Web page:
Fortifying India against Vitamin D deficiency

  • The article has been authored by Dr Ambrish Mithal, chairman and head of endocrinology and diabetes, Max Healthcare and Dr RK Marwaha, senior consultant, endocrinology and president Society for Endocrine Health of Elderly, Adolescents and Children (SEHEAC)
In India, vitamin D deficiency continues to be seen both in children and adults.(Shutterstock)
In India, vitamin D deficiency continues to be seen both in children and adults.(Shutterstock)
Published on Jun 23, 2022 04:38 PM IST
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ByHindustan Times

Just last month a 30-year-old man presented to me with complaints of severe backache and muscle weakness. He had difficulty in walking and was on the verge of being confined to a wheelchair. While typical orthopaedic evaluation was inconclusive, a metabolic diagnosis revealed severe vitamin D deficiency (osteomalacia--a condition wherein the bones lose mineral and become soft and malleable). Fortunately, the patient is well on the recovery path after a vitamin D treatment.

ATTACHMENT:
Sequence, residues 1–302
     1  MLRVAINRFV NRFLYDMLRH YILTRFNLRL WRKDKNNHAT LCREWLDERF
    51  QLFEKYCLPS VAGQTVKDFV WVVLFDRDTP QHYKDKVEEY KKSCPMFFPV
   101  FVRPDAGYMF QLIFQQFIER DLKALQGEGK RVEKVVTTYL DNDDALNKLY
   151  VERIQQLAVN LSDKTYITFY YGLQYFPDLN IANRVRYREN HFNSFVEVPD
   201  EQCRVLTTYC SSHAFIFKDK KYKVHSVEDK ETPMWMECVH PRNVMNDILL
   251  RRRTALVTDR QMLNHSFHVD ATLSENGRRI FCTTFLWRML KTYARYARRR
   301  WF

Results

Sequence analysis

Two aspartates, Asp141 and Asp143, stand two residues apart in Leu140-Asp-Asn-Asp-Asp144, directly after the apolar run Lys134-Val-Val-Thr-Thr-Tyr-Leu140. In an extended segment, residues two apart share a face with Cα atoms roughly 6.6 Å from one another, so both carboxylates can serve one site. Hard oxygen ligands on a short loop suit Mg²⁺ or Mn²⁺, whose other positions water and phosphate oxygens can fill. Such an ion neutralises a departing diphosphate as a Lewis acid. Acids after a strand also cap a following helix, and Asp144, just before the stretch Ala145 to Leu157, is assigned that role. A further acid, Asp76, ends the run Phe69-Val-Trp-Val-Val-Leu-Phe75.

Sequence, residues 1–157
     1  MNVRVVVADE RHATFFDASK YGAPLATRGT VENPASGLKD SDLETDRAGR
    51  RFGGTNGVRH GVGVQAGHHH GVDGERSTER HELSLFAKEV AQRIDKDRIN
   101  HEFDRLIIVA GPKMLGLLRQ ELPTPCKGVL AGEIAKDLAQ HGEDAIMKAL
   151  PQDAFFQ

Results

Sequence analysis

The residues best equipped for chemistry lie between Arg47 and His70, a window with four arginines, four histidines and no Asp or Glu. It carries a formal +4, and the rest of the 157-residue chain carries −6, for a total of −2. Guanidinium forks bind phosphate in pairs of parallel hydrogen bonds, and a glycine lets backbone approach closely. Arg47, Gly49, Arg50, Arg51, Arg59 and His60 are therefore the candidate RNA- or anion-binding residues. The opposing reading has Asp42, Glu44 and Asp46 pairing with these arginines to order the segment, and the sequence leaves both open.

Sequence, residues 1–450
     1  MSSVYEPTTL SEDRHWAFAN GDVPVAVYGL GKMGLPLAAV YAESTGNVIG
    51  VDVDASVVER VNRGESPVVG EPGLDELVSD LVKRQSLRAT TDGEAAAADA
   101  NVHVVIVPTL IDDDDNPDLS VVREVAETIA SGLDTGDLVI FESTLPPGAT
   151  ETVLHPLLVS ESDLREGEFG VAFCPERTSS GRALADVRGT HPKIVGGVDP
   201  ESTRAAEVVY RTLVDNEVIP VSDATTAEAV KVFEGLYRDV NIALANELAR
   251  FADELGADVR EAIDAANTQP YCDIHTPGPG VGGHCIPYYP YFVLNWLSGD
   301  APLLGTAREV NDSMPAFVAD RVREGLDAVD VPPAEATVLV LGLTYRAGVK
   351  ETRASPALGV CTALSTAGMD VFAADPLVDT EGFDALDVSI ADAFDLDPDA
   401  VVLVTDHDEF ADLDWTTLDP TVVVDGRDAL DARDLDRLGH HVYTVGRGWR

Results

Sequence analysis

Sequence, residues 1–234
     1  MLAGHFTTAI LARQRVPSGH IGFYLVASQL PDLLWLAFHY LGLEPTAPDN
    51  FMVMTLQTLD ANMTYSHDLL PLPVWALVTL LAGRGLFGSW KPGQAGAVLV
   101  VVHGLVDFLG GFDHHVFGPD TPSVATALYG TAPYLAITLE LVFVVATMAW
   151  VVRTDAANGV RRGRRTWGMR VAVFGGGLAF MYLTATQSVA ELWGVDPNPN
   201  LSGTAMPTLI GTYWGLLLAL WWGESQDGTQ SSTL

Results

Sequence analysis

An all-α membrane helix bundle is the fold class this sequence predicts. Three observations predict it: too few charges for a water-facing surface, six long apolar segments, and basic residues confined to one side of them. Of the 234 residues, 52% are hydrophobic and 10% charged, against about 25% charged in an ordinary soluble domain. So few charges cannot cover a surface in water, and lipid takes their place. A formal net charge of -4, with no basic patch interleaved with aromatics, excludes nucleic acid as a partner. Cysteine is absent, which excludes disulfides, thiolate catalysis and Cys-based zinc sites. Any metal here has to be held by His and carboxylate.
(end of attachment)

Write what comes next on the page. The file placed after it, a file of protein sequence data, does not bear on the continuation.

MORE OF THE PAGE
Any physician who practises medicine in India would have seen such patients of vitamin D deficiency with bone/muscle pains and weakness, often along with fractures. In children, severe vitamin D deficiency presents as rickets--the growing bones get bent and deformed. The condition has been virtually eradicated in Europe and the United States due to systematic public health interventions like fortification of foods with vitamin D. In India, however, vitamin D deficiency continues to be seen both in children and adults. In fact, the last few months have seen an increasing number of patients- children and adults--presenting with such symptoms. This is simply a gift of the pandemic, with people confined indoors.

These cases are but the tip of the proverbial iceberg. A much greater number of Indians suffer from mild to moderate vitamin D deficiency. For many, low-grade deficiency persists for long periods, resulting in poor calcium absorption, and contributing to bone damage that can potentially manifest with low bone density and fractures in older age.